|TORN CURTAIN (1966)|
|Time: 128 mins.|
Genre: Suspense/Political Drama
SYNOPSIS An American scientist publicly defects to East Germany as part of a cloak and dagger mission to find the solution for a formula resin and then has to figure out a plan to escape back to the West.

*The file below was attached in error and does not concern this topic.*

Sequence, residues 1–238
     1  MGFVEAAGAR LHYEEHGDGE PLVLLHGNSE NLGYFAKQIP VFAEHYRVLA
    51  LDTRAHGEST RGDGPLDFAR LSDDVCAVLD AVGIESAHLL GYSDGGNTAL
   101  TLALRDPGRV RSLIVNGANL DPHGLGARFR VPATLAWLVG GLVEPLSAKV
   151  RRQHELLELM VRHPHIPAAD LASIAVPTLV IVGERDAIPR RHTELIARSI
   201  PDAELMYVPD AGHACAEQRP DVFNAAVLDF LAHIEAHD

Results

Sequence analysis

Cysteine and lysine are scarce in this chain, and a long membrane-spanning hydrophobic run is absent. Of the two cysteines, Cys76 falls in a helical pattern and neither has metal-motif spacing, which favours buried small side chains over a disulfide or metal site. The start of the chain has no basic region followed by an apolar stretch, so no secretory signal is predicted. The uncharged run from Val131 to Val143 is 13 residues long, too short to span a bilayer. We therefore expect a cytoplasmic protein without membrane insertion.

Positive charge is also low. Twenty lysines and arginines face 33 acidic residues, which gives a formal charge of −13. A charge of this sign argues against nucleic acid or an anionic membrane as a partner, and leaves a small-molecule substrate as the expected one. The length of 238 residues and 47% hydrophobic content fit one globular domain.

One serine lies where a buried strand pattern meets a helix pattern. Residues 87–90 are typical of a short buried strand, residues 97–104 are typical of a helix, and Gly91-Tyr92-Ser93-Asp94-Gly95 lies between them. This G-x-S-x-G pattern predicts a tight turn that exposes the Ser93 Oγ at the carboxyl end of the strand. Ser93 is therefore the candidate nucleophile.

BOTTOM LINE: Hitchcock takes on the Commies in this spy thriller that's not quite as intriguing or exciting as one expects from the Master of Suspense. Newman stars as an American scientist we're supposed to believe is defecting to East Germany because his anti-missile project has been cancelled by the U.S. government. His fianceé, played by Andrews, gums up his plans by following him behind the Iron Curtain, even though she thinks he's a traitor. The core "mystery" of the film is supposed to be his intentions. Is he really turning red or is he still true blue? Hitch has spun movie gold from plots thinner than this, however, miscasting and over-earnest direction sink this flick right from the start. Newman is too all-American to be accepted as a traitor, nevermind how unbelievable he is as a scientist. Since we know he's not defecting for real, there's very little interest in the progression of events. Hitch throws in the usual secrets, betrayals and close calls that add some spice to the mix, but they feel more contrived than exciting. There are some truly hairy moments the murder in the farmhouse, the final theater sequence but the rest of the film is so plodding it barely raises the blood pressure. Newman and Andrews are great actors, they're just in the wrong film. Their inherent honesty ties Hitchcock's hands, leaving him no place to hide his wicked intentions. One to see only if you're a fan of Newman or have caught all of Hitch's better works.